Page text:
Meet Agrilus Planipennis

They’re small, they’re green, and they’re from the other side of the globe. Their name is Agrilus planipennis, but they go by “Emerald Ash Borer.”

And they’re here to kill your ash trees. Agrilus Planipennis - The Emerald Ash Borer

What Is The Emerald Ash Borer?

The Emerald Ash Borer is a half-inch long, green insect that somewhat resembles a grasshopper. Classified as an invasive species in the U.S., the emerald ash borer is native to eastern Russia, northern China, Japan, and Korea.

The larvae of these pests attack ash trees specifically, boring into trees below the bark and damaging the parts of the tree that move water and sugars throughout the trunk. As their name implies, these pests prefer ash trees.

How Did They Get To The U.S.?

The emerald ash borer was not identified in the U.S. until 2002 when scientists believe the species arrived on American soil accidentally in cargo delivered by ship from Asia. Once in the U.S., the pest quickly spread, mostly in the eastern part of the country. Since its first detection, emerald ash borers were soon found in Ohio, Indiana, Illinois, Maryland, Missouri, Michigan, Pennsylvania, Virginia, West Virginia, and Wisconsin.

How Deadly Are Emerald Ash Borers?

The emerald ash borer has killed millions of trees in the U.S. and in Canada. Trees typically lose their canopy within two to three years of infestation and die shortly after. It’s not uncommon for these pests to rapidly spread from tree to tree, quickly decimating large swaths of previously strong, healthy trees.

How Much Of A Threat Is The Emerald Ash Borer To Missouri Trees?

While people think often associate oaks, maples, and even dogwood trees with Missouri, the ash tree is far from rare in the state. Six species of ash tree (these include the Green, White, Blue, Pumpkin, Sullivan’s, and Biltmore ash species) are native to Missouri, and the state is home to millions of these stout hardwood trees.

As the emerald ash borer attacks all of these species – which are found in significant numbers throughout the state – the invasive insect is having a serious impact on ash trees across the state. An estimated 8 billion ash trees throughout North America are at risk from the deadly pest.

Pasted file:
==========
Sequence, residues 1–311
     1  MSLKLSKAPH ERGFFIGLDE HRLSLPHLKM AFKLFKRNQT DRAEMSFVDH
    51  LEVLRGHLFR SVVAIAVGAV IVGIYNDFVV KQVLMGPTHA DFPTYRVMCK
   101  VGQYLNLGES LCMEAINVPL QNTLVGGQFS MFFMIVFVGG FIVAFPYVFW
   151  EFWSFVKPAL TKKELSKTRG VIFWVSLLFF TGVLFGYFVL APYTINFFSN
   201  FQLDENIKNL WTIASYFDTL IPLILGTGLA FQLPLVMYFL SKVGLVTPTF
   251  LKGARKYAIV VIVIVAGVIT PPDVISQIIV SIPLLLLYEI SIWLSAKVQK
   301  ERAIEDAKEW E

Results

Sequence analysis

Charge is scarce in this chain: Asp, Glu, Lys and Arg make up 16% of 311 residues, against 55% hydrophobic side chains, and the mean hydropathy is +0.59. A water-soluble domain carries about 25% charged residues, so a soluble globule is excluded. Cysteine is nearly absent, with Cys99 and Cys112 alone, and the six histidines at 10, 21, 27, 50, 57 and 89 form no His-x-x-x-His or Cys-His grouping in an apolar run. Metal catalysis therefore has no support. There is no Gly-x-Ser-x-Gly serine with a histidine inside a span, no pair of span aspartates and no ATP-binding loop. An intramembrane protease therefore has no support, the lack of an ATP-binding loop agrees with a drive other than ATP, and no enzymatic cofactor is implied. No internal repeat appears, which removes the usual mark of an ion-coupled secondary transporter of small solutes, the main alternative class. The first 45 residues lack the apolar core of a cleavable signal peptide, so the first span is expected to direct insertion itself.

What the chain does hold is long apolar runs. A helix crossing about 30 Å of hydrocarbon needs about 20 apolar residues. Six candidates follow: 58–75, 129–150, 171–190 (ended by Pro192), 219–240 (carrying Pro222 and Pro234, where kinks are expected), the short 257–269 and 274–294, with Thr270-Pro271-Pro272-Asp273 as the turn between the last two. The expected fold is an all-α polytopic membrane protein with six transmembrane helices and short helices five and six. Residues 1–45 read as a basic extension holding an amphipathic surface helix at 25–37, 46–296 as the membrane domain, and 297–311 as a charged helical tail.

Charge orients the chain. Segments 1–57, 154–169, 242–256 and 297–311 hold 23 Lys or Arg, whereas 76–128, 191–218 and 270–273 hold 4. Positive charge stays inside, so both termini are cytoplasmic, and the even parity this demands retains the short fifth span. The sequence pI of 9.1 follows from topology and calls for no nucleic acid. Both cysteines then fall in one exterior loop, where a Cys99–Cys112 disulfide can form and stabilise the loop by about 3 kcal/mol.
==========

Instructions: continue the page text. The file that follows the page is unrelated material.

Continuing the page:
How Do They Spread?

The ash borer spreads rapidly locally by flying from tree to tree. They spread across great distances by being transported in firewood or infested wood products.

The devastating impact of the emerald ash borer is difficult to comprehend, but numbers certainly put it into perspective. Studies have found that once the emerald ash borer is transported to a new location, 99 percent of ash trees in that area are dead or dying within eight to 10 years.

How Are They Treated? Can Infested Trees Be Saved?

Treatments – several types of pesticides – for the emerald ash borer are available and have been proven to be effective. However, there are limits to the effectiveness of these treatments.

Research indicates that trees with less than 50 percent loss of their canopy have a good chance of being saved, which means early detection and aggressive treatment is key. Research has also found that preventive treatment – treating trees before infestation – is by far the most effective route to avoid the loss of trees. In addition, larger trees – even those not infested by the ash borer – can be more difficult to treat and are best cared for by professionals who have specific experience in dealing with these invasive pests.

Be Proactive And Save Your Trees

If you have ash trees, it’s important to be proactive and aggressive in fighting the emerald ash borer. Remember, as deadly and rapidly spreading as the ash borer is, it’s likely only a matter of time before your ash tree or trees are infested. Prevention is the best approach.

Our certified arborists recognize the early symptoms of infestation, and they have a wealth of experience in treating affected trees and in preventive care. Contact us today, schedule a health care appointment or a tree inspection and protect your trees!

If you are uncertain as to whether dogwoods are well-suited to your property, or if you need direction on how, where and when to plant dogwoods or other species of trees, contact us today and make an appointment with one of our certified arborists.

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